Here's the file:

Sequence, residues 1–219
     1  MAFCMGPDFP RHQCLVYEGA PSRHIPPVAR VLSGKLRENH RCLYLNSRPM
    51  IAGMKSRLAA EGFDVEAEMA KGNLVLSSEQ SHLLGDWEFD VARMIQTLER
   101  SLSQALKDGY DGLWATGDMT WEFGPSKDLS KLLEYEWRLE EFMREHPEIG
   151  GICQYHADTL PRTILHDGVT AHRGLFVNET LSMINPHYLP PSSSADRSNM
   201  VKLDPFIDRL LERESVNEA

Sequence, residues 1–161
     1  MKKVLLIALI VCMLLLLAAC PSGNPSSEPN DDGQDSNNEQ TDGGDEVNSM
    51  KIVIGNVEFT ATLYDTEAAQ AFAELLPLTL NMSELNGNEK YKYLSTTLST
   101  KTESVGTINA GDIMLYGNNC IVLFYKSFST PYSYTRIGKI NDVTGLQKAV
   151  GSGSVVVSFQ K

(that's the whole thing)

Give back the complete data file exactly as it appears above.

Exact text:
Sequence, residues 1–219
     1  MAFCMGPDFP RHQCLVYEGA PSRHIPPVAR VLSGKLRENH RCLYLNSRPM
    51  IAGMKSRLAA EGFDVEAEMA KGNLVLSSEQ SHLLGDWEFD VARMIQTLER
   101  SLSQALKDGY DGLWATGDMT WEFGPSKDLS KLLEYEWRLE EFMREHPEIG
   151  GICQYHADTL PRTILHDGVT AHRGLFVNET LSMINPHYLP PSSSADRSNM
   201  VKLDPFIDRL LERESVNEA

Sequence, residues 1–161
     1  MKKVLLIALI VCMLLLLAAC PSGNPSSEPN DDGQDSNNEQ TDGGDEVNSM
    51  KIVIGNVEFT ATLYDTEAAQ AFAELLPLTL NMSELNGNEK YKYLSTTLST
   101  KTESVGTINA GDIMLYGNNC IVLFYKSFST PYSYTRIGKI NDVTGLQKAV
   151  GSGSVVVSFQ K